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I would like to build a vote website, something like a +1 of facebook.

Is there some best practice to deal against cheat ?

Best way would be to use facebook, twitter and/or google to have unique user but I would like to let Anonymous user to vote.

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You could check on IP address and user agent. This will keep the possibility for users to use a proxy but will greatly reduce abuse of your voting system. –  Pilatus Jul 30 '12 at 11:17

2 Answers 2

You could ward against massive automated cheating using some form of a proof-of-work system. That would require browsers to invest some computation into the vote. A single vote shouldn't take too long, but bulk-voting would require serious computational efforts. Using JavaScript for this voting would also mean that any bulk voting mechanism has to come from a JavaScript-capable browser (or browser emulation), so simple scripts generating HTTP requests would be foiled as well.

A single user manually clicking multiple times won't be considerably delayed by this approach, though. So combine this requirement with logs of IP addresses, user agent strings, cookies, perhaps also flash cookies. The cookies would help to identify a single dial-in user trying to vote repeatedly using a sequence of connections. Although the measures just listed are easily circumvented with a large scale automated cheating attack, they should deal nicely (although not perfectly) with manual voting. So I believe that the two solutions should complement one another quite nicely.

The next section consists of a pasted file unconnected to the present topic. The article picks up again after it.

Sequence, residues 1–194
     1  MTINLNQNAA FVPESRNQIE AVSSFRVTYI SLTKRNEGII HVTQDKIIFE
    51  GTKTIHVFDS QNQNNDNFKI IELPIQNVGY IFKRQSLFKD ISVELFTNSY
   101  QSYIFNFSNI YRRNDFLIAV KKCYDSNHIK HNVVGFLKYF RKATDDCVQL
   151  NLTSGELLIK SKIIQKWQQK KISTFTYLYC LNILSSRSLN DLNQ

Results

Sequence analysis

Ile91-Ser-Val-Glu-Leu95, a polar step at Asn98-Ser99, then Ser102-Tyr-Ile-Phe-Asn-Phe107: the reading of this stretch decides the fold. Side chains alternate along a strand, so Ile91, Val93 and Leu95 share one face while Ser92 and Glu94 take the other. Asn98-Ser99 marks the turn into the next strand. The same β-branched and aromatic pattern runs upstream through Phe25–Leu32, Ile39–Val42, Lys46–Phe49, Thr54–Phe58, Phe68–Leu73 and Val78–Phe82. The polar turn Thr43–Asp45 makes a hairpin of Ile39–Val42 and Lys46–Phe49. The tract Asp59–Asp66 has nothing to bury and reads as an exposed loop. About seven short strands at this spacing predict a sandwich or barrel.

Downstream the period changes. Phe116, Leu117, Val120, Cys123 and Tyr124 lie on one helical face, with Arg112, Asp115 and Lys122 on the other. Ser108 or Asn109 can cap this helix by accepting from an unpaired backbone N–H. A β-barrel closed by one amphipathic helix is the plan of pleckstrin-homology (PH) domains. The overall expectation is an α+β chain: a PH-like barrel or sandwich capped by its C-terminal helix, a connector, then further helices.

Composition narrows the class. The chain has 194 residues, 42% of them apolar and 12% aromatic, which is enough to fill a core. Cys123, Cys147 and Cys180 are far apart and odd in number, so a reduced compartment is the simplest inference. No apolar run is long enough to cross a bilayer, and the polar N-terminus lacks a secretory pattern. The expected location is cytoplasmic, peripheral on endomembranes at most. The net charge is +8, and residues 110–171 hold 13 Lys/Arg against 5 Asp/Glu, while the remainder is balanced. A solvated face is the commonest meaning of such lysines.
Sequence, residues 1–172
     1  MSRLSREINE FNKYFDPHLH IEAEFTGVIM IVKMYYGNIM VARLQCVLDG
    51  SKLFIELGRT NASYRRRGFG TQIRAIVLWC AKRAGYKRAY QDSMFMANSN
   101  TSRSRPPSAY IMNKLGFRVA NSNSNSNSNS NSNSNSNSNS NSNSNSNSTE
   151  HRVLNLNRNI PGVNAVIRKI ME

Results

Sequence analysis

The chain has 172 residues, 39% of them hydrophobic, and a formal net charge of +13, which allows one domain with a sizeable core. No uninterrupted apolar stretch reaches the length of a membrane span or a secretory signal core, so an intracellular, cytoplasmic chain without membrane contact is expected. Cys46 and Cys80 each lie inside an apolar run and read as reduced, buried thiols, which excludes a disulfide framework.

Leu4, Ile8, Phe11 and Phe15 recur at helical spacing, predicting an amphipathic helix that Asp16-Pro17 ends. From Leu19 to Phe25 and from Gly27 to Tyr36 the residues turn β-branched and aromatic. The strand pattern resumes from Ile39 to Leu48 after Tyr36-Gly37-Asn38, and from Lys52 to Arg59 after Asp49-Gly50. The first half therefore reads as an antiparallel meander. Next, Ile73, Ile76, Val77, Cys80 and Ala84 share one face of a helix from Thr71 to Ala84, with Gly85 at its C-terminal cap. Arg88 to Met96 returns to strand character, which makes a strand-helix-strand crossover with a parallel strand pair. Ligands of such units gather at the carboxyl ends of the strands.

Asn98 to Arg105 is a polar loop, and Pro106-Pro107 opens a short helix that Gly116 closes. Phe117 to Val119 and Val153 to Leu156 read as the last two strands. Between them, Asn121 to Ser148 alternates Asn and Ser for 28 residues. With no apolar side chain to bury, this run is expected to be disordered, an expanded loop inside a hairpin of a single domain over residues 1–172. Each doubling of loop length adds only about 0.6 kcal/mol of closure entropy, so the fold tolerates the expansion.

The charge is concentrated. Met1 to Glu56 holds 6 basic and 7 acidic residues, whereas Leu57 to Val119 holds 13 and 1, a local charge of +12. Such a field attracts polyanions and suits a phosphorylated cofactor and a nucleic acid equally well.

You might want to block anonymity networks like tor. The block should only affect the voting, though, as you'll want to allow anonymous users to view your site, right?

You might also consider requiring unauthenticated users to solve a CAPTCHA. Depending on how important the votes are, and how many of your users are unauthenticated, your users might or might not be deterred from voting by this measure.

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From my limited experience, if you don't require authentication, the system will most likely be cheated one way or another: there is no real bulletproof way to tell who is who, unless you record a lot of data pertaining to the client which might be statistically considered unique as a whole (but you can't achieve 100% certainty with this approach).

Of course, if you expect 10 users it's way easier than if you gotta handle millions. IP + user agent check will most likely be fine in the first case, but it would not be very good in the second (NATs come to mind).

Lastly, you have to consider the likelihood of cheating, or in other words: are your users really going to try and cheat the system, or you can get away with checking informations that can quite easily be forged ?

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